Home was a massive Victorian council house with geese and goats running round the large garden. The house was in Slade Green, a village near Erith on the border of London and Kent. Everybody who lived there – man, woman or child – was white. There weren't even Asians there in those days.
Cecil worked as a precision instrument toolmaker at the nearby Woolwich Arsenal weapons factory. Doll didn't work and in the 17 years I lived at her home I can only remember her being away just one night. I knew almost instantly I was her favourite. She doted on me and treated me like one of her own. Her daughter Pat had married and left home but she only lived round the corner, so I looked on her like an auntie. Doll's son Richard was still there but he was a teenager by then.
My earliest memory is Doll pushing me around in my pram and seeing strangers peering in under the hood, putting out their hands to touch my black fuzzy hair. I was an oddity even then. As I grew older we'd walk down the street, me clinging to Mrs Chambers's hand, and kids would shout out 'Blackie!' 'Nigger!' 'Golliwog!' Even adults passing in cars would hurl insults. But Doll Chambers came from blitz stock. She'd survived the worst Adolf Hitler could throw at the East End, so a few names were never going to bother her. She just ignored them and held her head up high as if to say, 'Yeah, he's black, he's my son and I love him.'
Then I started school. The other kids in the class had never seen a black boy before, let alone one who was called Carol. The name-calling and the taunts started from day one. I was four years old and had come from a home where I was protected, so this was new and terrifying. There was none of this political correctness or trying to understand different cultures in those days. Why should there be? You couldn't have all that set up for just one boy. So like all the rest I played with golliwogs and read golliwog books. At the end of the first day, I cried my eyes out to Doll. She told me, 'Sticks and stones may break my bones, but names will never hurt me.'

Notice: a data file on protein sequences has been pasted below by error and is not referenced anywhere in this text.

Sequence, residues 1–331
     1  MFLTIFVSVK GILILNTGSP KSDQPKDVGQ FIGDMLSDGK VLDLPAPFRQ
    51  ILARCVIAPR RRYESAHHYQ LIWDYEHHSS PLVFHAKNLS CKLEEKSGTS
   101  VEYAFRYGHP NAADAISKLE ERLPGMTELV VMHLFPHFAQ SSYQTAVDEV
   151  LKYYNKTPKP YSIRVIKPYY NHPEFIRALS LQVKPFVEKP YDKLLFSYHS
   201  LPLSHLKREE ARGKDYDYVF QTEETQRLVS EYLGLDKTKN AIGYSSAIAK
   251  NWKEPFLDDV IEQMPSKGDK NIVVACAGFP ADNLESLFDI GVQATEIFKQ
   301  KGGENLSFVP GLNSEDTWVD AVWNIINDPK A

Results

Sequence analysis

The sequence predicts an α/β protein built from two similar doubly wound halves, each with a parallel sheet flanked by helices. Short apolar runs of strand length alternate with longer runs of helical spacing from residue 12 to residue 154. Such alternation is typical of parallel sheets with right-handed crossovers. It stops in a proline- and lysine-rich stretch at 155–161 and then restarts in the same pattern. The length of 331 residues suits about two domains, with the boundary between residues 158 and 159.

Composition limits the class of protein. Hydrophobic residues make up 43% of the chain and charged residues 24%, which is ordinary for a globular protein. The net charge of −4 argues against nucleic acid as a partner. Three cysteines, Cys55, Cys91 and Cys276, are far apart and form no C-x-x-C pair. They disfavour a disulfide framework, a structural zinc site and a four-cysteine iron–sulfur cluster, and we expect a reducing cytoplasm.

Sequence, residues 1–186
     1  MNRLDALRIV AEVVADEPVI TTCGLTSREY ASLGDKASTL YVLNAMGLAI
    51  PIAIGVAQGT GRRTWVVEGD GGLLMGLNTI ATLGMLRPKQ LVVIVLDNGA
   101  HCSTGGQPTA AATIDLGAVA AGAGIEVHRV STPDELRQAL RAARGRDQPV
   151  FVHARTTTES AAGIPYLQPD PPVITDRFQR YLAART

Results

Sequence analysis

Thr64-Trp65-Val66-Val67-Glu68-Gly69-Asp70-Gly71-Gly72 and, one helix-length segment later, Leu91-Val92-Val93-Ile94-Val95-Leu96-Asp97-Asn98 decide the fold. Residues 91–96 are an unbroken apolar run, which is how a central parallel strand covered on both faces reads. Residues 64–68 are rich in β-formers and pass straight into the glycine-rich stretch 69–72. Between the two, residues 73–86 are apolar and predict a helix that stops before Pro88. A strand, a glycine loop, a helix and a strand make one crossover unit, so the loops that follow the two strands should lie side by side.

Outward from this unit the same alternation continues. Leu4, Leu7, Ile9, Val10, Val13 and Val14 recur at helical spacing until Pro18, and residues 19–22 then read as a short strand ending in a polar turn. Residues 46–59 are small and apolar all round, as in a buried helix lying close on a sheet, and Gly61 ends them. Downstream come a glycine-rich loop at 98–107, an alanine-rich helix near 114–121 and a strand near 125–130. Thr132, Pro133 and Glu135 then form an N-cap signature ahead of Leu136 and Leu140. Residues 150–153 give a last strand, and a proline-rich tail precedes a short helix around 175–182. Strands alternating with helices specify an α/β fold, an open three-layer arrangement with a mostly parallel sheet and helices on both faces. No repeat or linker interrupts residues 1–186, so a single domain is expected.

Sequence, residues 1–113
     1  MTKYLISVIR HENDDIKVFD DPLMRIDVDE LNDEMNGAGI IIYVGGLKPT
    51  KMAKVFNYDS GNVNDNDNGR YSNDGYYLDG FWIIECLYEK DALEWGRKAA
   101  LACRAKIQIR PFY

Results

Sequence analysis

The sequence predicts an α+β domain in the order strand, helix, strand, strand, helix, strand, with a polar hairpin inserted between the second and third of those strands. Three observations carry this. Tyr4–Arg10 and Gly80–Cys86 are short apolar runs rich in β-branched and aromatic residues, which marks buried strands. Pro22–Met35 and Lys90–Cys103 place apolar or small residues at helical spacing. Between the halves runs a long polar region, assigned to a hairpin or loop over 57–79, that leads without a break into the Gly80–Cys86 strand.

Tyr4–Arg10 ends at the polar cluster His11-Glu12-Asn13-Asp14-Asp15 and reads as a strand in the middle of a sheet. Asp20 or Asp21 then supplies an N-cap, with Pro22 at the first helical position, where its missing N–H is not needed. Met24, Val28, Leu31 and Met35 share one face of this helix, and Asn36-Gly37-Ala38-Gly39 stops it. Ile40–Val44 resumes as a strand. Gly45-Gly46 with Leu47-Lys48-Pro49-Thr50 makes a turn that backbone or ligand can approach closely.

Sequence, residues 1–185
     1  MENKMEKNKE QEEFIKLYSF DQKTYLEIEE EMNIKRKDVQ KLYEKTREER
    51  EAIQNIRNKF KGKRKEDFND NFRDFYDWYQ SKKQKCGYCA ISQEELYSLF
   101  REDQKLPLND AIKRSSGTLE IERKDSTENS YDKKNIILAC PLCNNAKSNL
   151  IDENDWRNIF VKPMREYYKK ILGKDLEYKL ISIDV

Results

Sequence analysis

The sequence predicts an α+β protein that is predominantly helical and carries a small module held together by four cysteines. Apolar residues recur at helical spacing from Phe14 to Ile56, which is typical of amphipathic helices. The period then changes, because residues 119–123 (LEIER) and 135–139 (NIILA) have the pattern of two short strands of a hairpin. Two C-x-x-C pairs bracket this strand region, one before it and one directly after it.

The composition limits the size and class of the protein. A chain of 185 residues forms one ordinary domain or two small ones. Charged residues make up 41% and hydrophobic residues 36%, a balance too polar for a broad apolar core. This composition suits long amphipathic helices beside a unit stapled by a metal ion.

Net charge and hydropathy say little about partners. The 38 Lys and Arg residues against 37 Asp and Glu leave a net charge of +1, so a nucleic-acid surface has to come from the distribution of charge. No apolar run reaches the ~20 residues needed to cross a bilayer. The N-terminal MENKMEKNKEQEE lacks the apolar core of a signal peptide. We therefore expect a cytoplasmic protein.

Next day the torment started all over again so, just like my foster mum told me, I started singing, 'Sticks and stones may break my bones ...'
It stopped the insults all right – just long enough for the kids to pick up a load of stones and hurl them at me.
In those days your mum didn't take you to school – you went on your own. Without a brother or sister to protect me, I ran the gauntlet of hate every single day. I'd arrive at North End school covered in bruises and lumps from bricks and cobbles that had been thrown at me. I'd have spit all over my nice clothes. School should have been my safe haven but I was trapped with nowhere to run. Finally, after weeks of taking all this torment, I snapped. I can still see this boy, his face pressed right up against mine, screaming, 'Wog!' Anger and humiliation welled up inside like a mini volcano; my right hand formed a fist and bash! I smashed him in the face. He recoiled in horror.
The teacher told us off but it didn't matter. Forget 'names won't hurt me', I had something that really worked ... my fists. Every time any child said anything I thought was an insult, or flicked something at me, bosh! I'd become a windmill of flailing fists.